UK Property buying television programs like “A Place in the Sun” or “Escape to the Country” feature people who are house shopping.
They come armed with a list of criteria for finding their ideal house. What are your potential clients looking for when choosing an accountant? What’s on their list?
- Confidentiality: “What happens in Vegas stays in Vegas.” They want to be comfortable that you don’t talk about your clients. This eliminates name dropping, except on the occasions when you are competing for corporate business and the fact your firm is the accountant of record for a publicly traded company is public information. Your discretion extends into the non-profit sector. You will not suggest them as a potential donor for a charity either.
- Knowledgeable: Clients want to work with someone who is current with tax law changes. The British Tax Law is 17,000 pages long, while the Bible comes in at about 1,200 pages. Clients want to know you are keeping up. Explain the continuing education process you have in place. Introduce team members who are specialists in various areas. Prospects will likely conclude newer team members who are recent graduates have been taught and tested on current regulations.
- Specialized Knowledge: All industries are not alike. The length of sales cycles and bill payment differ. Other laws apply. A one size fits all approach doesn’t work. If the client’s business fits into a unique category, they want to know you have experience helping clients in similar situations.
- Ethical: Clients want to minimize taxes, but they don’t want to attract attention by breaking the law. For community leaders, the negative publicity far outweighs any tax savings. They may surmise an accountant whose clients get audited often may attract the regulator’s attention to all clients of that accountant. They want to know you keep your nose clean. The fact you don’t have any black marks with any public or industry ethics bodies should be a good indicator of your integrity.
- Honesty and Directness: People want to be told what they need to know. If a person had a terminal disease, they wouldn’t want their doctor to keep this information to themselves. Clients rely on their accountants for financial advice. If their retirement lifestyle expectations are unrealistic when their asset levels are considered, they want someone to let them know and propose alternatives. They want to be told a certain strategy their friends may be using to avoid taxes will likely attract the attention of HMRC.
- Experienced, Successful Practitioner: “Successful” is a useful word in marketing. Most people identify with it. Successful people prefer doing business with others like them. They want to know you are good at what you do. The longevity of your practice demonstrates both your success and your experience. Your practice is here for the long term.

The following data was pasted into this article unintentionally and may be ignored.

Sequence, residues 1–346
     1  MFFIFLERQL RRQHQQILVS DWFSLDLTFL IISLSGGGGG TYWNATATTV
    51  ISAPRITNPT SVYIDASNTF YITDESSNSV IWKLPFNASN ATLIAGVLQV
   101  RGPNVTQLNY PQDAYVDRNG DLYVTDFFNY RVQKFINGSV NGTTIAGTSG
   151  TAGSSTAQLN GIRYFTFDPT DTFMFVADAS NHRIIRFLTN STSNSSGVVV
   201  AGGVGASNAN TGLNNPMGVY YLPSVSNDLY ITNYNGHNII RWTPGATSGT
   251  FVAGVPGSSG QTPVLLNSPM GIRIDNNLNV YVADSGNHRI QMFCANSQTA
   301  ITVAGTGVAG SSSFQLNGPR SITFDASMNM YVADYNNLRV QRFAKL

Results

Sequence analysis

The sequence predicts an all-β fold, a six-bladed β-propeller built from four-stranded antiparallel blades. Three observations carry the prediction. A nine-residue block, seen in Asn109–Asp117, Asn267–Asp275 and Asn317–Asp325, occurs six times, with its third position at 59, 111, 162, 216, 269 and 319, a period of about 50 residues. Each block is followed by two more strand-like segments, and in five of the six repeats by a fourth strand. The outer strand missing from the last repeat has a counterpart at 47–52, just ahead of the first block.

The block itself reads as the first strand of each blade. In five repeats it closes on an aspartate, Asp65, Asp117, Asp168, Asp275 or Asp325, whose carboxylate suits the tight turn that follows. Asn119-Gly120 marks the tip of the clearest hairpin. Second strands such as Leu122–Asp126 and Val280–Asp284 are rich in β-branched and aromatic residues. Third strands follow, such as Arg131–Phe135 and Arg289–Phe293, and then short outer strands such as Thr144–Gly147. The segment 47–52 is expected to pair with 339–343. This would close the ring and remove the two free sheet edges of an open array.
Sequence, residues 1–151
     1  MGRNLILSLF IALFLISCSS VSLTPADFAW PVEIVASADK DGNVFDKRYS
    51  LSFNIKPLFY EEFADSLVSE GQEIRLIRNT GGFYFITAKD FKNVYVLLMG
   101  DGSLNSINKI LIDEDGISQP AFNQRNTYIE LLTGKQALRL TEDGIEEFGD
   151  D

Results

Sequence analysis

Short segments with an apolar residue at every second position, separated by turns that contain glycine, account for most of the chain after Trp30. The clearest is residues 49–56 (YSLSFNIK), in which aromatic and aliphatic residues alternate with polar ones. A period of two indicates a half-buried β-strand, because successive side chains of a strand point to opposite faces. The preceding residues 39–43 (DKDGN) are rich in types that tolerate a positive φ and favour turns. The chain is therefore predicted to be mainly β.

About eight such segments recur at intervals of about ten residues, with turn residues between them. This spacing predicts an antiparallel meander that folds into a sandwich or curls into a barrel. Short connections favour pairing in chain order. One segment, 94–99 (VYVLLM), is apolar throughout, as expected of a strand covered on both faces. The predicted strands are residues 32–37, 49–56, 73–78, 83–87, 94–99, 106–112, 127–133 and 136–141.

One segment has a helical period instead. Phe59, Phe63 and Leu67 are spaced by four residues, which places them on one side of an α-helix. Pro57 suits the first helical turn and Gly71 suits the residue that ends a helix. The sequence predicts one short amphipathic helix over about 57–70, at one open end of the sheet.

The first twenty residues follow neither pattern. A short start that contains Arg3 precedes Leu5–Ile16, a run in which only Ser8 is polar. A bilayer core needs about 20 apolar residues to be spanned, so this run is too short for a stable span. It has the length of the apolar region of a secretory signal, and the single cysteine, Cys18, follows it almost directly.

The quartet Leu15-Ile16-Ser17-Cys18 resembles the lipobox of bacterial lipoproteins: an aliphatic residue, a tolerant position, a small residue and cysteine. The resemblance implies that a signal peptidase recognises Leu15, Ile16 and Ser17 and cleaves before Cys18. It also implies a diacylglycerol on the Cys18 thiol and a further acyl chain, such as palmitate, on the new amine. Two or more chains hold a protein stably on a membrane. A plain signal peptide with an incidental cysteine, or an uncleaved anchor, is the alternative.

- Long Term Relationships: Most people find professionals they like and stick with them. Accounting is an ideal example. People often choose one dentist, barber, solicitor and mechanic, and stick with them. If you are approaching retirement, you want clients and prospects to know you have a succession plan in place.
- Fair Pricing: People often feel advice is worth what you pay for it. A solicitor who understands your unique situation suggests a course of action. You get a bill. This advice is taken more seriously that the thoughts of a friend in the pub with no legal training. Clients want to know the rationale behind the fees they are charged. They don’t want to feel overcharged.
- Client Focused: Accounting is what you do - you are not a travel agent or stand-up comedian. You have a fiduciary duty to your client. You work for them. You aren’t also selling a product that puts you both into a buyer/seller situation.
- Good Work Ethic: Britain has plenty of celebrity chefs on TV. How much time do you suppose they spend in their restaurant kitchen sending food out to diners? Not much. However people go because of the celebrity chef connection. They want to know you are “in the kitchen” working on their situation, or at least overseeing the work done by your staff.
- Accountability: No one wants to be audited. However, if they are selected, the client wants to know you will appear with them. You will do the talking and explain how they prepared your taxes. You will protect them.
- Important Client: Everyone wants to be an important client. If they are parting with money, they want to know you appreciate their business. They want you or your staff to be responsive. They want their phone calls returned. They want to be thanked.
Clients likely want plenty of positive attributes in professionals they hire. You likely possess most of them. Let them know.
About Bryce Sanders
Bryce Sanders is president of Perceptive Business Solutions Inc. in New Hope, Pennsylvania.